Why can’t National Sports Associations form a large pool of talents in spite of the presence of young discoveries emanating from grassroots programs like the Department of Education’s Palarong Pambansa and the Philippine Sports Commission’s Batang Pinoy.
This is particularly true in some combat sports, where athletes look forward to a professional career like boxing.
It could also be true in other martial arts disciplines like wushu, muay thai and kickboxing, which was recently recognized by the Philippine Olympic Committee.
Bright combat sports prospects from the provinces have emerged in this year’s Batang Pinoy, but when this Locker Room writer asked the coaches about their plan for their young wards, they said their athletes are being groomed to become professionals.
They reasoned that they could not send their young players to Manila to train as juniors’ players for fear of being culture-shocked. And most of the time, those who leave their provincial clubs to become national players could not “remember” where they come from.
“Kahit umuuwi sila, pinagtataguan na kami (coaches) dahil akala hihingi kami sa kanila,” said a provincial coach, referring to their former players who get allowances as national boxers.
This has been the system since way back. Another reason for the practice was because the PSC only recognizes the national coaches appointed by the NSA. The coach who discovered and nurtured the athlete since he/she was child is left in the cold.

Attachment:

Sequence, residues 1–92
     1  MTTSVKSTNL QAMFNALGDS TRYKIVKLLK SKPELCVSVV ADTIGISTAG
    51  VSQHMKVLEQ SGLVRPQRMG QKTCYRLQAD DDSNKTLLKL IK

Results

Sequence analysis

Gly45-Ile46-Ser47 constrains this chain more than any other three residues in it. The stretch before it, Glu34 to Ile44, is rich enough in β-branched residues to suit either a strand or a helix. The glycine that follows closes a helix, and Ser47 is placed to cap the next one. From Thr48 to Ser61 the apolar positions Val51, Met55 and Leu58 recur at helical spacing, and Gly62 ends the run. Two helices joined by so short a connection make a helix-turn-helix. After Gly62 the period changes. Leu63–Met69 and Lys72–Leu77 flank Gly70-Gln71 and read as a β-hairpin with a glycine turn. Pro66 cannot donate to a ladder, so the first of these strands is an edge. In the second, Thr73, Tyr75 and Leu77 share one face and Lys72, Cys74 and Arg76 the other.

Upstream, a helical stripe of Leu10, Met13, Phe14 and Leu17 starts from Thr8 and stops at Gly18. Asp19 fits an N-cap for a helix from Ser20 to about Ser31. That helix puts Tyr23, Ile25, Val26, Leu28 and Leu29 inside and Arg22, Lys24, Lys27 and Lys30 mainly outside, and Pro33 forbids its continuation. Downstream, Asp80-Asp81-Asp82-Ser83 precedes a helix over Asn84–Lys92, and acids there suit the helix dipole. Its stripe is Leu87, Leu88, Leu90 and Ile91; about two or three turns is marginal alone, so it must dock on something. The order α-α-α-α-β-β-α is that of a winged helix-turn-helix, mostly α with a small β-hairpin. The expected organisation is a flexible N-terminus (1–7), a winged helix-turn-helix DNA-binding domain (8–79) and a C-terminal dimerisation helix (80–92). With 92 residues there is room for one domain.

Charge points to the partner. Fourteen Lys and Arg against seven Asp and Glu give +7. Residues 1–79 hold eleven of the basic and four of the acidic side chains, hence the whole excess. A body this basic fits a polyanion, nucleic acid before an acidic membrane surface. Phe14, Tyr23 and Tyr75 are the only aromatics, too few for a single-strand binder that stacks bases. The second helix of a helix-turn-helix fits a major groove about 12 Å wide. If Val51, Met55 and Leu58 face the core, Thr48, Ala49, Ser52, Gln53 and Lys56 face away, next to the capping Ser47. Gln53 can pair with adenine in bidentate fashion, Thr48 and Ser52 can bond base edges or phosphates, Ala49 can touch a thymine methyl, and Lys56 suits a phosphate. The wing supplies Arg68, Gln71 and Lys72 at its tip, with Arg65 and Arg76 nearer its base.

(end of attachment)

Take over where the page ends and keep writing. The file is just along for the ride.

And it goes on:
The national coach also gets the incentives when the athletes win medals in international competitions. Again the coach discoverer is not included in accolades or whatever benefits in store for the coaching staff.
Not the usual practice
Taking this into consideration, officials of the Samahang Kickboxing sa Pilipinas is aiming to walk a different path. They want to revolutionize the way martial arts club participates in the sport’s national affairs.
There is now a strong proposal to form a national coaching pool, composed of the head coaches from various martial arts clubs in they country. The pool will support, monitor and train the national reserve of athletes regardless of what club they came from.
These pool of coaches will share the benefits, financial or otherwise, when the athletes win in international competitions. There is also a plan to have the national coaching staff rotated every year to give chances to all the members of the national pool of coaches.
National players will be allowed to train in their home gyms using the unified training system so they don’t have to transfer to Manila or in Tagaytay, where the kickboxing national training camp is to be set up.
National athletes will only stay in the camp together for at least two or three months prior to a big international competition like the SEA Games, Asian Games or Championships.
The plan has gained support from the various martial arts clubs, especially from the Northern Luzon Kickboxing Alliances, which has nearly 30 member clubs.
SKP is doing away with the conventional in its bid to win majority of the eight medals at stake in kickboxing event of the 30th Southeast Asian Games, which the Philippines is hosting on Nov. 30 to Dec 11.
They will also lay out a comprehensive training system that will prepare the athletes for the biennial meet. Again, it will be different from what other NSAs are doing.
This system, though, will have to be kept under wraps—for now.